Sunday, April 26, 2009

Chocolate, Vanilla, and Strawberry

I dropped my link to IOZ a little while back; he has a lot of interesting things to say, but he also tends to be kind of homo-absolutist, as well as tendentiously, tiresomely, and predictably anti-Christian ... and it's not exactly as if he was ever carrying my link or anything. Still, I look in on him every other day or so, and I recommend the practice to you, too (anybody who works in Big Lebowski dialogue as often as he does can't be all bad).

Anyway, I read this post of his last week and meant to bring it to your attention, but didn't get to it before now. (Be warned of what seem to me to be the gratuitous obscenities.) He was making, I thought, an otherwise-overlooked point about the seamier side of the U.S. Empire:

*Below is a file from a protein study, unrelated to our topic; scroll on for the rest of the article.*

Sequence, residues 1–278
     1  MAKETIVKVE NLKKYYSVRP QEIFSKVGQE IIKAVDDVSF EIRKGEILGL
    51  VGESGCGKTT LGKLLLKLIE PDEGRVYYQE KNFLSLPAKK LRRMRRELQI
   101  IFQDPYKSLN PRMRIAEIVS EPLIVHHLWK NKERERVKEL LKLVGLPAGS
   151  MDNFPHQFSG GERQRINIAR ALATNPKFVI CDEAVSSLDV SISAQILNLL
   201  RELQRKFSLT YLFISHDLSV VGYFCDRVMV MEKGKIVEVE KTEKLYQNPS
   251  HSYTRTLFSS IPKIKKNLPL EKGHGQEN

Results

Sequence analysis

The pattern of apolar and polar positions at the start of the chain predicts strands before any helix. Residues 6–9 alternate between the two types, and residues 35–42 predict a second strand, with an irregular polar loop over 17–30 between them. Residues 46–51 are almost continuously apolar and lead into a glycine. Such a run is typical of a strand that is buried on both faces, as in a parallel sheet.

Listen. As a nation, we arrogate to ourselves the right to send flying robots over any country in the world and murder people, to topple governments, to impose economic blockades on entire nations of millions of people, and the great moral flap is slapping around some prisoners? Now I am not saying that torture is anything but abhorrent, wholly morally repulsive, but ...
I don't think Monsieur is saying here that our recent torture activities should be ignored; I think he's saying that to emphasize the torture so exclusively seems to imply that the other forms of killing and destruction to which our supervisors seem addicted may be ignored completely.

Every form of evil has its own distinct flavor. The torture of prisoners owes its characteristic horror to a set of elements, such as the complete isolation of the victim, and the deliberate, technical, methodical way in which he or she is violated. With the Flying Death Robots, you get the impersonality and total invulnerability of the attackers. With the widespread "conventional" warfare, you get the uncounted bodies and the horror of multiplicity and scale. Equally do they condemn those who practice them; equally do they require repentance.

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